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Ninety-nine percent of time our team commits on local development boxes and pushes commits, in which case the authorship info on commits is correct. However, under times of high-stress someone will tweak something directly on the dev server and commit from there. When that happens the author info in the commit defaults to the shared deployment account.

Is there a way to prompt users for their author info on commit? They're not going to remember to do --author.

Some things I've looked at, but couldn't quite get across the finish line are:

  1. using a client side hook to reject commits with 'deploy' in the author string
  2. looked for a setting to always-prompt for author info
  3. try to automatically set author based on the ssh-key used to login to the box

Is there a way to get one of those to work or a good way to do it?

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Has your team discussed disallowing editing code directly on the dev server? –  Aaron Kurtzhals Aug 9 '12 at 14:43
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Definitely. That'll happen down the line I imagine, but right now it happens rarely and only during "emergencies" and putting something in place to prevent in entirely isn't something I can pull off as "the new guy". –  Ry4an Aug 9 '12 at 15:20
    
Don't look for a technical solution. Punish your employees for violating your companies development practices. –  meagar Aug 9 '12 at 15:29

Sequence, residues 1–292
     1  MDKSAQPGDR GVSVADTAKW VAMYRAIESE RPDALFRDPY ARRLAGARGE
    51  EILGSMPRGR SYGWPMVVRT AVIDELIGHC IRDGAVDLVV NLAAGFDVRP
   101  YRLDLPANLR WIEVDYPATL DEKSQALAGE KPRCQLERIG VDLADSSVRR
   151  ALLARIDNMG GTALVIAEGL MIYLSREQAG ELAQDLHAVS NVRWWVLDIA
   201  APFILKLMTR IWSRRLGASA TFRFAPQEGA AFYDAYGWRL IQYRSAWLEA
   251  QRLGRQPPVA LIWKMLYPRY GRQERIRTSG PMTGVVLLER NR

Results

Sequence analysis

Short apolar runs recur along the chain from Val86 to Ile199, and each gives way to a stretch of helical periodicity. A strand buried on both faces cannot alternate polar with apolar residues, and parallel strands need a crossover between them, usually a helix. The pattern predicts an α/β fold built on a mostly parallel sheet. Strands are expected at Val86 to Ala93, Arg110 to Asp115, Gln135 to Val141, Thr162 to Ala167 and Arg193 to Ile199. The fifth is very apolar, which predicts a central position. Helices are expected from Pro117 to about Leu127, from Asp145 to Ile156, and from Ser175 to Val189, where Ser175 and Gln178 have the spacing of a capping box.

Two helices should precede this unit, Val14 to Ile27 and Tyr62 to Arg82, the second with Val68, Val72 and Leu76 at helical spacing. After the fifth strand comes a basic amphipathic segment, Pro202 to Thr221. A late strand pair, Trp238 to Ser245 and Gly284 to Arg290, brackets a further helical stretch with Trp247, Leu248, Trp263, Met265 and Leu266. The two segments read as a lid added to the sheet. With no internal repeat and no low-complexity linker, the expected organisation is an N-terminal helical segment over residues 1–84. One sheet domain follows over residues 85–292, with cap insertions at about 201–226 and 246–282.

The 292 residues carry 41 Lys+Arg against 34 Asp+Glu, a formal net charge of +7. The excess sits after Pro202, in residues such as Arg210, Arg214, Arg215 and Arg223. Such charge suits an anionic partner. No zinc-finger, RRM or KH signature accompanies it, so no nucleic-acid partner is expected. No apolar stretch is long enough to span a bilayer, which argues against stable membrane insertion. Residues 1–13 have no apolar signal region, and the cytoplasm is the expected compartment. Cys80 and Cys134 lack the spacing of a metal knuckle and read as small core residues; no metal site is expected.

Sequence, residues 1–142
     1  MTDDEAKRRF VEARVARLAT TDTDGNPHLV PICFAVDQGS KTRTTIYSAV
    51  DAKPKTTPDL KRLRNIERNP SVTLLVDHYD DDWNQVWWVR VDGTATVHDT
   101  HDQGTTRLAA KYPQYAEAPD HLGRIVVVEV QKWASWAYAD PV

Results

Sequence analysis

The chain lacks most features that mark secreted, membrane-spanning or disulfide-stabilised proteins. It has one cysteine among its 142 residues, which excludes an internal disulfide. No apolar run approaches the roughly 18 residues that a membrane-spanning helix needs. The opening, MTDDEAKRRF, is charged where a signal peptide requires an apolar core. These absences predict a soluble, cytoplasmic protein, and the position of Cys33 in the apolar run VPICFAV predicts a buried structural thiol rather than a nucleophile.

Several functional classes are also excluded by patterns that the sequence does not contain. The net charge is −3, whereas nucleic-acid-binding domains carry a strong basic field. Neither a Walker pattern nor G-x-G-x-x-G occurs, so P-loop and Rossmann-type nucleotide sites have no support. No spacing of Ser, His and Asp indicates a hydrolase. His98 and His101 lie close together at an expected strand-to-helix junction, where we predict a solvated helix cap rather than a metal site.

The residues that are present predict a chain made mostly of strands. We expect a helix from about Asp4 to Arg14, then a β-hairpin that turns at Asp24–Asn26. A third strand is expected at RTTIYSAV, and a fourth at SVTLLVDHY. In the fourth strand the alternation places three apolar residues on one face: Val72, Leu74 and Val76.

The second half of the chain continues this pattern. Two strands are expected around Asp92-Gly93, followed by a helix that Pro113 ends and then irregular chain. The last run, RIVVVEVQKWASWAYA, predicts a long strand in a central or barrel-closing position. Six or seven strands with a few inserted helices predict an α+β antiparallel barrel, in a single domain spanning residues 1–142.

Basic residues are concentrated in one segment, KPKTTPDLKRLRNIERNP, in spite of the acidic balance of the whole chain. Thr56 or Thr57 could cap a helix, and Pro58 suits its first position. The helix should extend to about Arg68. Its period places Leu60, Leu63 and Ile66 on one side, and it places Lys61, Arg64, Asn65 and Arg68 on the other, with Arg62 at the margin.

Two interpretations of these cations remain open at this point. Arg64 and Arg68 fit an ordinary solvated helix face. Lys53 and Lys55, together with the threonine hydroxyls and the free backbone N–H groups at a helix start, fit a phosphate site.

@meagar I agree, but there's a middle ground. If three weeks into this new job my coworkers (they're not my employees) can't commit in a way they've historically done (very rarely and only in "emergencies") because "the new guy" put a hook in place that prevents it, surely you understand that's sub-optimal. One starts w/ gentle education which requires knowing who's doing it and how often -- which is why this question asks about setting good author info not preventing commits (which is easy). –  Ry4an Aug 9 '12 at 15:49
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up vote 5 down vote accepted

Okay, I found a way to do this, but it works only because we exclusively access this box over ssh using key based authentication.

In the shared deploy user's /home/deploy/.ssh/authorized_keys file I added an environment variable per key so that mine, for example, looks like this:

environment="GIT_AUTHOR_EMAIL=ry4an@host.com",environment="GIT_AUTHOR_NAME=Ry4an on Dev" ssh-rsa AAAA...cXBcmHr ry4an@host.com

which also required adding:

PermitUserEnvironment yes

to the /etc/ssh/sshd_config file.

That works, but I'd rather learn about a user.name=ASK setting if such a thing existed.

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I'm not quite sure how it works for you guys but you could have your devs set up an alias to l add the --author to every normal commit.

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It's a shared account, so the alias would be the same for everyone. –  Ry4an Aug 9 '12 at 14:32
    
Ah ok my bad I didn't quite understand. –  edhedges Aug 9 '12 at 14:33
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